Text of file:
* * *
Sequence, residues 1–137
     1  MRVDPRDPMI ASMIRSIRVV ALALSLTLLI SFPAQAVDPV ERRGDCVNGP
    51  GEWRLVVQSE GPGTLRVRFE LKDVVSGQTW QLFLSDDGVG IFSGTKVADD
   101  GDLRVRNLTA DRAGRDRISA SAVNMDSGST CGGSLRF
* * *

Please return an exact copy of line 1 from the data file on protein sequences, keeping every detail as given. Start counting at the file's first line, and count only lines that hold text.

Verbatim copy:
Sequence, residues 1–137